In 2008 I was living in a rented three story house in Bayswater’s Leinster Mews when such a malodorous hum next beset my nostrils. This was thought to be the scent of a rodent which had met its demise in one of the walls. The estate agent organised fumigation, but the stink lingered, and I was forced to see my clients on the flat roof at the top of the building.

They say that if you live in London you are never more than a metre from a rat.


  1. Oh, Derrick, I so agree with you. The sickly stench of a dead rat is instantly recognisable the moment you are unfortunate enough to smell it again. It’s no wonder the phrase I smell a rat is used so often when something is amiss. That same saying ‘never more than a metre away from a rat is used up here too.

  2. Yikes, never more than three feet from a rat? Eww. I’m glad the stench was finally removed from the shower! I would have no issues with dispatching the rodent… Did that for years back home in Michigan, living in the country.

  3. You are bang on about not forgetting the smell once introduced to. You were fortunate in the help you received from the young man. We had decomposed pigeons instead, more than one, in our water tank —perhaps they were one thirsty couple who wanted a shower after an intense procreational enterprise.

  4. In the country, you are never far away from rodents, either. Usually, mice but sometimes squirrels. I cringed when I read your description of a smell I know all too well. It has wafted from my coat closet, my linen closet, and once even under my bed. Oh, my!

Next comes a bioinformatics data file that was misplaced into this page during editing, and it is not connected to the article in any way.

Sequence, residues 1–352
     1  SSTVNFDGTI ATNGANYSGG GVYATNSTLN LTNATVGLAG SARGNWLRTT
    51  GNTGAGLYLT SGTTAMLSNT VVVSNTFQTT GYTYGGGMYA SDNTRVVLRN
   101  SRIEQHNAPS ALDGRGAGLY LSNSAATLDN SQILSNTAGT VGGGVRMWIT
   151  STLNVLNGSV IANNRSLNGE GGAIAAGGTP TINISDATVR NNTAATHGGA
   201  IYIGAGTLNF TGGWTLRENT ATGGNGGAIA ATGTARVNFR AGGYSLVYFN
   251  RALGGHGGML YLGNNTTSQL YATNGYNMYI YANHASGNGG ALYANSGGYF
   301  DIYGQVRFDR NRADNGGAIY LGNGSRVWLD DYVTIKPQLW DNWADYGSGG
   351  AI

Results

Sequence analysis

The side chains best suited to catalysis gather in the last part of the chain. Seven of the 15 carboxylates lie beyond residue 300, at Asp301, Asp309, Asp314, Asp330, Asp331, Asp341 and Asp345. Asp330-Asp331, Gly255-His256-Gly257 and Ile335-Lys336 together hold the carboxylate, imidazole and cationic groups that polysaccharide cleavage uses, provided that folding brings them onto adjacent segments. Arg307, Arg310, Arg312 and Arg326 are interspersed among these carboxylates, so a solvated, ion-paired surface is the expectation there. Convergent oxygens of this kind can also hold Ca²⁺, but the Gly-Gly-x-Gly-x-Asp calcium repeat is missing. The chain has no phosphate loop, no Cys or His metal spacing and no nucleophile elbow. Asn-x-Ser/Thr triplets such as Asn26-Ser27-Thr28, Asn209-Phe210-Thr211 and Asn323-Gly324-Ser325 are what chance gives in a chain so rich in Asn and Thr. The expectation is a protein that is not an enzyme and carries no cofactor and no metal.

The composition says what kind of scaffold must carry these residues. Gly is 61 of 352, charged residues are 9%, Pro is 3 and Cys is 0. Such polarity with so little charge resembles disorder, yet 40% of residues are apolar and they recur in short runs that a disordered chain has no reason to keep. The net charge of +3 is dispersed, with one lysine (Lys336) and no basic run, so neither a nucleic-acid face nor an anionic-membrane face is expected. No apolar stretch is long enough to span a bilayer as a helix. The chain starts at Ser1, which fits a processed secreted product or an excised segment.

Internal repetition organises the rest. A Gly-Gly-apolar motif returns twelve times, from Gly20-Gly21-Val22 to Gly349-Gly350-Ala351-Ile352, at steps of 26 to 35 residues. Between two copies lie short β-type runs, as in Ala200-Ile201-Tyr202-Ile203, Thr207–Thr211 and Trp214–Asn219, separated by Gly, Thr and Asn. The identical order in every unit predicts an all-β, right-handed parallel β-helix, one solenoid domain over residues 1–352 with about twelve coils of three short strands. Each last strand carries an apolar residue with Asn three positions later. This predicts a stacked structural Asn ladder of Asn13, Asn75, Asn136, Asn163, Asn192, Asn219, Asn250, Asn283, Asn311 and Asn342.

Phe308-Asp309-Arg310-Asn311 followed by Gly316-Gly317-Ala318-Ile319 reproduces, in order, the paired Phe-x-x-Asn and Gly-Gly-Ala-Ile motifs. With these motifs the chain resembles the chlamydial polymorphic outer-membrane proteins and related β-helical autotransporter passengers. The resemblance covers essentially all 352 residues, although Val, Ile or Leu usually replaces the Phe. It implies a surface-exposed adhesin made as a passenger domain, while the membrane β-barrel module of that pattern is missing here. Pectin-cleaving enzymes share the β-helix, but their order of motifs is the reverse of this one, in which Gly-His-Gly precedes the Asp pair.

5. Dead rodent in the walls is something many of us have experienced at some point. It is not pleasant waiting for the stench to away.

    I would not have been able to dispatch the squirrel you caught either. I would have released him out in the forest, far away. 🙂

  6. What a horrifying experience. I know the smell of dead rodent. When I taught at a rural school in Virginia, field mice would die inside the cinderblock walls.

  7. Somehow it falls to me to remove rats caught in the trap set in the kitchen now and then … I suppose growing up in the country inures us to such experiences in the way my urban-bred husband cannot stomach. I would have let the squirrel go too. Some years ago I woke to find large rats coming in through our upstairs bedroom window. Enough! Husband was dispatched to get so-called ecological rat poison from the farmer’s co-op the next morning while I shinned up a ladder to prune all growth away from the wall and smeared car grease all the way up the lightning conductor … thankfully, that was the end of that!